John Duncan Fergusson (paperback)
This book illustrates the work of Scottish artist John Duncan Ferguson offers a fascinating insight into an artist who was part of the Scottish Colourists. It accompanied the first major retrospective of the artist's work which was held at the Scottish National Gallery of Modern Art.
Includes essays by Alice Strang, Elizabeth Cumming and Sheila McGregor which offer a fascinating new insight into a Scottish artist of international standing. This publication reasserts the artist’s place as a key figure in twentieth-century art.
J. D. Fergusson, one of the four artists collectively known as ‘the Scottish Colourists’, the others being Cadell, Hunter and Peploe. Fergusson lived in Paris from 1907 until 1913 where, more than any of his Scottish contemporaries, he embraced and developed the latest advances in French painting by artists including Derain, Matisse and Picasso.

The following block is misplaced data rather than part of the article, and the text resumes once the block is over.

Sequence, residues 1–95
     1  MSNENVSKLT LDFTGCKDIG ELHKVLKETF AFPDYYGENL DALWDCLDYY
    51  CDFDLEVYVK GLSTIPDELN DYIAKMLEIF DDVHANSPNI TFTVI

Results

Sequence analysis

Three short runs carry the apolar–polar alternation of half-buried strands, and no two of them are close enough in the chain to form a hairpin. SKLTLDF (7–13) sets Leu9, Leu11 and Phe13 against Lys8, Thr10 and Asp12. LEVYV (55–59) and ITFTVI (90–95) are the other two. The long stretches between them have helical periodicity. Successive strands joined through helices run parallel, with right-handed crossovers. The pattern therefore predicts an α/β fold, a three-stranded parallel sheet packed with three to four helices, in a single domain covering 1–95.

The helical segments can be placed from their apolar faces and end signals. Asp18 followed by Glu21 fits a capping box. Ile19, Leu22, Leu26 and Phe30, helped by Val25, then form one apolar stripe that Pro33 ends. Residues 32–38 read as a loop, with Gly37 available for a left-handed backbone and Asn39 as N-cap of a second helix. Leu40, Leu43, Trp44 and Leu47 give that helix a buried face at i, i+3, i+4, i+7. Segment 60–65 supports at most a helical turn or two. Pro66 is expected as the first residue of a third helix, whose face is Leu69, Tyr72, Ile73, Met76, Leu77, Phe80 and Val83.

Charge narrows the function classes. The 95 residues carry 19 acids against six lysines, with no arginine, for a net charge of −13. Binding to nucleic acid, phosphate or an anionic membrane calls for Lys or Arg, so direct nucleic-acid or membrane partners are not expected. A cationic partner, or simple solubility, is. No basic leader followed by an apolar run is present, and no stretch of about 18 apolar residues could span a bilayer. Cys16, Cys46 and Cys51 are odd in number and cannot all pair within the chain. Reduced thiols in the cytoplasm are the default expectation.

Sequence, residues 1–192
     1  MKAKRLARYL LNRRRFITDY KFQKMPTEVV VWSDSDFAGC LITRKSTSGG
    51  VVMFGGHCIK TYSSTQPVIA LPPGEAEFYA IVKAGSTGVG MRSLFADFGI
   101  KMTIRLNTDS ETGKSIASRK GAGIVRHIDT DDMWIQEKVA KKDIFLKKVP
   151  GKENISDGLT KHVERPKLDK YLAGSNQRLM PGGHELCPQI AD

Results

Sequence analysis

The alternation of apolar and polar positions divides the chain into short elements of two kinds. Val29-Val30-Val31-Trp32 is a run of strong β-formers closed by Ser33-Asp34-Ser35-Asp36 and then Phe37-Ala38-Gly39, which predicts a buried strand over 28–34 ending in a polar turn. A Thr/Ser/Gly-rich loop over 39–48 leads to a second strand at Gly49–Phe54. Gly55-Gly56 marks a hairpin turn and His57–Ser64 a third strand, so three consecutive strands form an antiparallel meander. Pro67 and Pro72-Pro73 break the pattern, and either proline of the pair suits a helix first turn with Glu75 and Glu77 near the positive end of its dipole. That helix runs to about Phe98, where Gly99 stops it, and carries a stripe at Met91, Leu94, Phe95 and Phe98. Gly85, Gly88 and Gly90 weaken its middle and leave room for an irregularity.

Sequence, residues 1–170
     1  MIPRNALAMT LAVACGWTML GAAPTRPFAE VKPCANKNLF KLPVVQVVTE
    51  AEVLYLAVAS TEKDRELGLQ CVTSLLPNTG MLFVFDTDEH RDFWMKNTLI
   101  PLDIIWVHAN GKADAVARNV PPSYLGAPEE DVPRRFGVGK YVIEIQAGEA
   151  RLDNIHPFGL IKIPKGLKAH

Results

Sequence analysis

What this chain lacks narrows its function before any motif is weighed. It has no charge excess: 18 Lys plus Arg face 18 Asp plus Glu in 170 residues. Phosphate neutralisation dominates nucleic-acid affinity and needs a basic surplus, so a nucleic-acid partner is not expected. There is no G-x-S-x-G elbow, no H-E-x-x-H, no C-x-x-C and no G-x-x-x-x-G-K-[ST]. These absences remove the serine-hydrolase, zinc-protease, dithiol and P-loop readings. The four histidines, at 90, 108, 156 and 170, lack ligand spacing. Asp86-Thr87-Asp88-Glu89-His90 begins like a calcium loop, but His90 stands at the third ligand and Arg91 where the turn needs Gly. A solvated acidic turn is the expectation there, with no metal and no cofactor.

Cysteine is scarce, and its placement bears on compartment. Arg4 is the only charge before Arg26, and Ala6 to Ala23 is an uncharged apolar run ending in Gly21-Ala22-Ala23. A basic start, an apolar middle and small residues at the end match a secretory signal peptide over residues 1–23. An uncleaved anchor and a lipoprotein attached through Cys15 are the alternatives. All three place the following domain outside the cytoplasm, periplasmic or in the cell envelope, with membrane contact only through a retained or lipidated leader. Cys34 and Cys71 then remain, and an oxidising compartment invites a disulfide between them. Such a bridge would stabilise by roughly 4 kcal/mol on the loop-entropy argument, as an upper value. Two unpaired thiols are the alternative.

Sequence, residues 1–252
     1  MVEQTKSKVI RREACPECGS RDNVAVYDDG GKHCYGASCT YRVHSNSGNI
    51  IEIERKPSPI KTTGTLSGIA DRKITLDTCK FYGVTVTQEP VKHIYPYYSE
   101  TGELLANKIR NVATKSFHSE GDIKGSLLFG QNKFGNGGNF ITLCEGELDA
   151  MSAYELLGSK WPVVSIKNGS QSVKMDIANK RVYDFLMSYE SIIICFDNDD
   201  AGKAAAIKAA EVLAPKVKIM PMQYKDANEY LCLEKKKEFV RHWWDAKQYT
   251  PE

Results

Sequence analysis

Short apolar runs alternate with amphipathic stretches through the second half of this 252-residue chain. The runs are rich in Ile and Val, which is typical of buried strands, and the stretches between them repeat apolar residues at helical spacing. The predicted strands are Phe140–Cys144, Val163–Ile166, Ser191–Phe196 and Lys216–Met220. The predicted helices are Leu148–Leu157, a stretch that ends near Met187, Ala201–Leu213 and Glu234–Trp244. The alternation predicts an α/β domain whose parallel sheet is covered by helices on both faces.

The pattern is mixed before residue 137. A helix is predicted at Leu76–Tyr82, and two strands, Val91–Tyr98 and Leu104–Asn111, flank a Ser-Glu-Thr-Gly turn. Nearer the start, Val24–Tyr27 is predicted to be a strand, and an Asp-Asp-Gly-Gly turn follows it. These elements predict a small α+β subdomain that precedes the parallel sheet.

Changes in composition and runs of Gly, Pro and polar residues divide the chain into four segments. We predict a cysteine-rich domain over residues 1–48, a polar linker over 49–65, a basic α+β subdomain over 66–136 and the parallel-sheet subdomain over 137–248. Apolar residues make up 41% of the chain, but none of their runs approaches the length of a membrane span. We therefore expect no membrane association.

Fergusson is most celebrated for depictions of the female form, but he also painted landscapes in England, France and Scotland, that were of great significance and exhibited sculptures for over thirty years.
24.5 x 26.5 cm
128 printed pages
National Galleries of Scotland
Alice Strang, Elizabeth Cumming and Sheila McGregor
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